I remember thinking that it would make a great play, if adapted properly. In my head I saw it all without scene changes, just the kids at their desks, with the principal walking on for his occasional lines. I had the notion that the janitor was a metaphor for some omniscient being, and I wanted all of his lines spoken over a loudspeaker, as a character we couldn’t see but was definitely THERE. That was pretty much my brilliant idea.

All of this was simmering in my brain by the time I got to meet Mr. Hughes. I was probably drunk, or at least half-drunk, but not so much that I don’t recall spending perhaps half an hour with him near the entrance of the club, away from the music and the dancing. I was dumb enough to tell him my idea for doing The Breakfast Club as a play, and to my surprise he said that it was originally conceived as such. So much for that idea, but I had a small measure of pride in thinking I was not so much off target.

I recall his countenance, or at least my perception if it, and it seemed that he viewed this whole music endeavor (both our own and his son’s involvement in it), as something not that serious, but something to be humoured. I don’t think it’s a stretch to say that his films bankrolled the label, but maybe that’s not how it was. I can’t be sure.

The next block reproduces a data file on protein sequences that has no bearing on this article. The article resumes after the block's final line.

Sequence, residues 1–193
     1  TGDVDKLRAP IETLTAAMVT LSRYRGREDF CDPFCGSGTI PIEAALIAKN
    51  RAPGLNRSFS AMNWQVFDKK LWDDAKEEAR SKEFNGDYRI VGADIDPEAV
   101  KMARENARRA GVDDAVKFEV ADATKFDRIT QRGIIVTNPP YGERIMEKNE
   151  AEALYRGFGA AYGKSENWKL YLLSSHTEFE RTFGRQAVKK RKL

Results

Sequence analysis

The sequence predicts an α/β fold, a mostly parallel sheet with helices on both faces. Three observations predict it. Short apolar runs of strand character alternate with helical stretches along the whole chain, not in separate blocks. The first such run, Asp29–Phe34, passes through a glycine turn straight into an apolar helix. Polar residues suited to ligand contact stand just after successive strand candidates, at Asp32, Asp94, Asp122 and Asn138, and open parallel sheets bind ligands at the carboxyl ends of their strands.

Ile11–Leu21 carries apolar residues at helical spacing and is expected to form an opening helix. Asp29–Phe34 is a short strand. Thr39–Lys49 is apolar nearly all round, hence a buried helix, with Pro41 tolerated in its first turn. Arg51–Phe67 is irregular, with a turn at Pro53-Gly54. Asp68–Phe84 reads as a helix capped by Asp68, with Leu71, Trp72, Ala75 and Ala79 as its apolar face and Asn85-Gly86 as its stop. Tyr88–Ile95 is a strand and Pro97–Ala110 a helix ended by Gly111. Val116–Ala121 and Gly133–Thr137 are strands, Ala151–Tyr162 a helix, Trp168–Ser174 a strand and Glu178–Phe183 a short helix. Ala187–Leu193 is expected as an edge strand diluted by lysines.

I’m not sure that I have any “heroes”, at least not in the storybook sense of the word. There are, however, a great many people whom I respect and who produce works which I admire for many reasons. John Hughes was one of them. He made some remarkable films, films that were subtle but still accessible, and were stamped with a sense of honesty (and the occasional flicker of absurdity) which reflected an intelligence and an actual sense of respect for the audience. There was no need to dumb it down, because he was just showing us life as it is lived. I’m glad I got to meet him and shake his hand, and tell him how much I enjoyed his work.

If there is a point to these recollections, I would not be the one to draw them for you, much less for myself. I’m just sad that he is gone, and I could not help but remember the night I got to meet John Hughes. It just happens that way.